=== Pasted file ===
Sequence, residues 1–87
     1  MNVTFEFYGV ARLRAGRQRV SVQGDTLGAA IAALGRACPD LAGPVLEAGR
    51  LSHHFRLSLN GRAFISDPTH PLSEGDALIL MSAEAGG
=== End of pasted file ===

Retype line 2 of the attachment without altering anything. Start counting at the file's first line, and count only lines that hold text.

     1  MNVTFEFYGV ARLRAGRQRV SVQGDTLGAA IAALGRACPD LAGPVLEAGR